Orlando Restart to Cost NBA at Least $150 Million
Per ESPN’s Brian Windhorst, the NBA’s restart bubble hosted at the ESPN World Wide of Sports Complex, a venue within the Walt Disney World Resort and the city of Orlando, will likely cost the NBA at least $150 million.
In addition to the $150 million, the league will be losing the additional revenue of ticket sales. The league has predicted that it will lose $1 billion dollars in total revenue due to the coronavirus pandemic, even without the additional $150 million cost of restarting the season.
“It comes into play that we feel an obligation to our sport and to the industry to find a new normal,” said Adam Silver, league commissioner to Times magazine earlier this week. “It doesn’t come into play in terms of dollars and cents because, frankly, it’s not all that economical for us to play on this campus. It’s enormously expensive.”
22 teams have been invited to the initial round of seeding games, with the league providing for housing, meals, staff, transportation, security, entertainment, daily coronavirus testing, and additional medical support. The 22 teams and support staffing account for more than 1,500 people, who will be divided amongst three different Disney resorts – The Grand Floridian, the Gran Destino, and the Yacht Club Resort. The league will also be utilizing seven different courts for practice, and will play games at 3 different arenas within the World Wide of Sports complex.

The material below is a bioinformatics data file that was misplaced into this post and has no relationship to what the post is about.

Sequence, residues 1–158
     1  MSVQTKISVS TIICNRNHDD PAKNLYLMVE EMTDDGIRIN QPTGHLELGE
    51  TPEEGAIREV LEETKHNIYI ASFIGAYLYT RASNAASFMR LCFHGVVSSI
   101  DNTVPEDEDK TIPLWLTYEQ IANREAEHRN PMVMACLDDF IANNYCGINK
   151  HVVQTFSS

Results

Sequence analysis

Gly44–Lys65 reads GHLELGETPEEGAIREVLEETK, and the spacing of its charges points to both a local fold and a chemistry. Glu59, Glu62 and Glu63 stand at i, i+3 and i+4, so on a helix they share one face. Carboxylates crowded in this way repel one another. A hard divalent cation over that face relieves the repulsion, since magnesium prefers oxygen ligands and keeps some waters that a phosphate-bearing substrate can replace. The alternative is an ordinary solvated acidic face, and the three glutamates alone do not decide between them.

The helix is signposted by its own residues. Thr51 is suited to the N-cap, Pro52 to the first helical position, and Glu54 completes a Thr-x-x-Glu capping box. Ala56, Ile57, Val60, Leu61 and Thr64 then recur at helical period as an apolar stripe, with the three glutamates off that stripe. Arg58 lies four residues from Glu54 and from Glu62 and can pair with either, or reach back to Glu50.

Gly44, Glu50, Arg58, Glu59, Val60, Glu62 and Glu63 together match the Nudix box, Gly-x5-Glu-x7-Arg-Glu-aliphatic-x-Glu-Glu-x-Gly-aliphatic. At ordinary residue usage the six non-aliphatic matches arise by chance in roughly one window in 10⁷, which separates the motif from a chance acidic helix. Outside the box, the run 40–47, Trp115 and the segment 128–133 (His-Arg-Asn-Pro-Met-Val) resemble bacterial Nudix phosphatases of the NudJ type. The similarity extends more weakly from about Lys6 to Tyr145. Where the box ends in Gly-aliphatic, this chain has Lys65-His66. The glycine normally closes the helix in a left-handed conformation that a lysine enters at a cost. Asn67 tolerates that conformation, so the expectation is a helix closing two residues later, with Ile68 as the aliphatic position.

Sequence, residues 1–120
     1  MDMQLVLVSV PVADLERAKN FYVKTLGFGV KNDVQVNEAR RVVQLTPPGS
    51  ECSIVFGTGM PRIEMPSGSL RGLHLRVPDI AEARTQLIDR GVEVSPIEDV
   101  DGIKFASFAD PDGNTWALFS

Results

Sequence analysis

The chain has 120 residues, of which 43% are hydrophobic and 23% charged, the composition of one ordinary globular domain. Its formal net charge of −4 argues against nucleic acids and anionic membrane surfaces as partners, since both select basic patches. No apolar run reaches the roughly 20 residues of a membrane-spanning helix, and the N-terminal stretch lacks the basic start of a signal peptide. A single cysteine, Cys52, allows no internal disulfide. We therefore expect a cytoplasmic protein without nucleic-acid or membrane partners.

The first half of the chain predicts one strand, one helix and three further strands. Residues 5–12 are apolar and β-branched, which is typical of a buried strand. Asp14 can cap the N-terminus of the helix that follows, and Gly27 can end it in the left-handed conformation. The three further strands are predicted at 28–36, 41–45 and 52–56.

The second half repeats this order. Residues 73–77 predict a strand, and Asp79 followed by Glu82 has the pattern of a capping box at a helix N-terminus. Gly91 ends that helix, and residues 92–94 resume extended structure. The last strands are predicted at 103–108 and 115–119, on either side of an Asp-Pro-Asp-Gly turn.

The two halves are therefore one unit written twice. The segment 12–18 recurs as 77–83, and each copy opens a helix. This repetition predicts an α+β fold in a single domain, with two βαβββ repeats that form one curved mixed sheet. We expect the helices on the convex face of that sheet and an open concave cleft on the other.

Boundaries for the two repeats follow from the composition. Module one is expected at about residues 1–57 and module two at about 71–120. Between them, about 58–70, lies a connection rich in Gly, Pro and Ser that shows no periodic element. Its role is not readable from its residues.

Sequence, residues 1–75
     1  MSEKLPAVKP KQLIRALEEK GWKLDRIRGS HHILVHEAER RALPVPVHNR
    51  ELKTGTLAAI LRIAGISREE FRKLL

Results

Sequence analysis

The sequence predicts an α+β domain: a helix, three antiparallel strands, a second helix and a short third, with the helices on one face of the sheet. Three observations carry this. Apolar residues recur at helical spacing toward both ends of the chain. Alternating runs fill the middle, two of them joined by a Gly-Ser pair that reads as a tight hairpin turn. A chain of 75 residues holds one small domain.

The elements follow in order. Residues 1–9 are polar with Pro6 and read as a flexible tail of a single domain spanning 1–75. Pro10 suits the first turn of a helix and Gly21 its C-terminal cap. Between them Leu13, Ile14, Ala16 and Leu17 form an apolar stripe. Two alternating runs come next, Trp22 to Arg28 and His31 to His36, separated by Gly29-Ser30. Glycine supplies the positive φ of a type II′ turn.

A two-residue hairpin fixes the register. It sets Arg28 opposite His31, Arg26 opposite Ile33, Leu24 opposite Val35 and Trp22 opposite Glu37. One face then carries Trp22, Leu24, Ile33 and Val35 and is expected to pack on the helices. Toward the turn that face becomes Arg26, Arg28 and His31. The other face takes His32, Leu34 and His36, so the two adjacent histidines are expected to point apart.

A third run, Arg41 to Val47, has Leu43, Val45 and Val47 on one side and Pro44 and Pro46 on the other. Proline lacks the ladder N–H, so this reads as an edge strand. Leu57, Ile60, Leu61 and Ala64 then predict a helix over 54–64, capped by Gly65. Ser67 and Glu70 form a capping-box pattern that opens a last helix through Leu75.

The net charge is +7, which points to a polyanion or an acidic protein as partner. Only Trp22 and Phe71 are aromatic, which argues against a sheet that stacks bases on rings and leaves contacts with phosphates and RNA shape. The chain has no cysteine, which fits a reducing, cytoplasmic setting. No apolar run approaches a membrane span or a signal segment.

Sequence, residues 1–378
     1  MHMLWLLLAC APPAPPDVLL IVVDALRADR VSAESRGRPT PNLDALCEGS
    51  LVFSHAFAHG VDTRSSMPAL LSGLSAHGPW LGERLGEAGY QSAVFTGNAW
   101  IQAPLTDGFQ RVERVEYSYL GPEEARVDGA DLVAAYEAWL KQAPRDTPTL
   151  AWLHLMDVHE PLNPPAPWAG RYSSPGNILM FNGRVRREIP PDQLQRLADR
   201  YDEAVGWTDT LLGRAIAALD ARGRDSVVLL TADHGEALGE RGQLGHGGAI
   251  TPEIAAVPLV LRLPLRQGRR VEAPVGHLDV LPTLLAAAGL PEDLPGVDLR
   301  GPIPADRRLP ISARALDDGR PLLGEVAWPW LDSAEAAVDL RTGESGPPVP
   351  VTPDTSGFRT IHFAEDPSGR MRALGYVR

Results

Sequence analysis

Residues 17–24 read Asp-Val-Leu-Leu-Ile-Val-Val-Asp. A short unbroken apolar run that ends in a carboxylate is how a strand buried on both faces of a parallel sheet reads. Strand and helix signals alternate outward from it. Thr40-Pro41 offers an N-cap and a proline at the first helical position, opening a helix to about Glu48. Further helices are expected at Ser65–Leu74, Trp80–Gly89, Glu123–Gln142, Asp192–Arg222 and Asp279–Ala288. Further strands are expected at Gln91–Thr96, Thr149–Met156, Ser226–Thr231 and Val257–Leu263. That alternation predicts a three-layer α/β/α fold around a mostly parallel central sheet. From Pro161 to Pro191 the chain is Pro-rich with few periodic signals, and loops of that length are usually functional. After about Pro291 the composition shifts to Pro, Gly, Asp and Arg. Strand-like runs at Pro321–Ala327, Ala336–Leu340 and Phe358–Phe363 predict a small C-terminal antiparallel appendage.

The league is banking upon the 88 regular-season games and four playoff rounds to lessen their overall losses. The games will allow for NBA teams to receive hundreds of millions of dollars in potentially lost television revenue, and will allow for the players to collect $600 million in what once seemed like lost salary.
Aidan Dial is currently a freshman at the College Preparatory School in Oakland, California. An avid sports fan and golf fanatic, he is most interested in the NBA, NFL, and PGA Tour, though Aidan enjoys watching all sports. He is a sports analyst for At the Buzzer.